2. “If you want to bring some other woman into it and her children then that’s up to you but I’ll make you and her and possibly her children just as miserable as you’ve made me.”
  3. “Oh your [sic] on the phone with your girlfriend. Well if you are planning your dates for Thursday or this week, I would think twice about that. … And if you think that’s intense, that’s not even half of it.”
  4. “So your new gf is from South Carolina. Thanks for the info[.]” (LaPrad was at Martin’s residence, and Martin had a visitor whose vehicle was parked in his driveway with South Carolina registration plates)

Threats to Martin’s children

The complaint also alleges that LaPrad threatened to harass Martin’s young children (it lists two children, both under ten-years-old) in a message that stated:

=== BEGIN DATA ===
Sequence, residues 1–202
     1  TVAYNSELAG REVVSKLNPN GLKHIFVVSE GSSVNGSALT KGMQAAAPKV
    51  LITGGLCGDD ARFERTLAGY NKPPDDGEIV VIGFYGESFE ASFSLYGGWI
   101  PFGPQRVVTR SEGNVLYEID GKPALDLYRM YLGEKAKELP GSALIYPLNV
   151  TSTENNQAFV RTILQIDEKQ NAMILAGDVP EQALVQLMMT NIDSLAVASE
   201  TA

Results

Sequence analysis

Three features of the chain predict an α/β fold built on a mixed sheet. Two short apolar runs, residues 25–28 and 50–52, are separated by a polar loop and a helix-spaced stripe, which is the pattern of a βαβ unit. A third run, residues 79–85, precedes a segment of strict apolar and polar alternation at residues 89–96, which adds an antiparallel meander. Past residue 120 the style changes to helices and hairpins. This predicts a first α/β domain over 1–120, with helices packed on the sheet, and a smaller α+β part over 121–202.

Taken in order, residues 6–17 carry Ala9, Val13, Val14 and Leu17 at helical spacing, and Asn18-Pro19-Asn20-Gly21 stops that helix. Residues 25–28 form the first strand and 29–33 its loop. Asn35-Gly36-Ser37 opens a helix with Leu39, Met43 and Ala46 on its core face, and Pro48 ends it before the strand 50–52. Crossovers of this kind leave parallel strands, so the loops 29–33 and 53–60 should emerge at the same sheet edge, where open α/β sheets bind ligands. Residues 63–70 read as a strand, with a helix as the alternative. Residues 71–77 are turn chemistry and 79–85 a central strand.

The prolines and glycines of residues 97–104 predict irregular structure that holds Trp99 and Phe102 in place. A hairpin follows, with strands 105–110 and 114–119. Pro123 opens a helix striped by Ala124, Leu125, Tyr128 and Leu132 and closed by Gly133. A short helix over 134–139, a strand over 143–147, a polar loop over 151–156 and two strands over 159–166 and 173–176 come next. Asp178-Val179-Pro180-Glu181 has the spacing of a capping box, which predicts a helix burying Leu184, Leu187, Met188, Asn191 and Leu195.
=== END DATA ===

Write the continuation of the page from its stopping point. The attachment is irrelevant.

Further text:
And since you’ve done everything in your power to turn the kinds [sic] against me, I’ll make sure law enforcement shows up at your house re the hacking into my email when you have the kids so they will know the real truth about their daddy. The daddy they would rather not be with.

Pornographic images of LaPrad

To top things off, according to the complaint, LaPrad further harassed Martin “by sending him multiple text messages and emails containing pornographic images of herself.”

All the while, Jamie LaPrad was representing the State of North Carolina in criminal proceedings.

Copies of the filings are below.

Martin v. LaPrad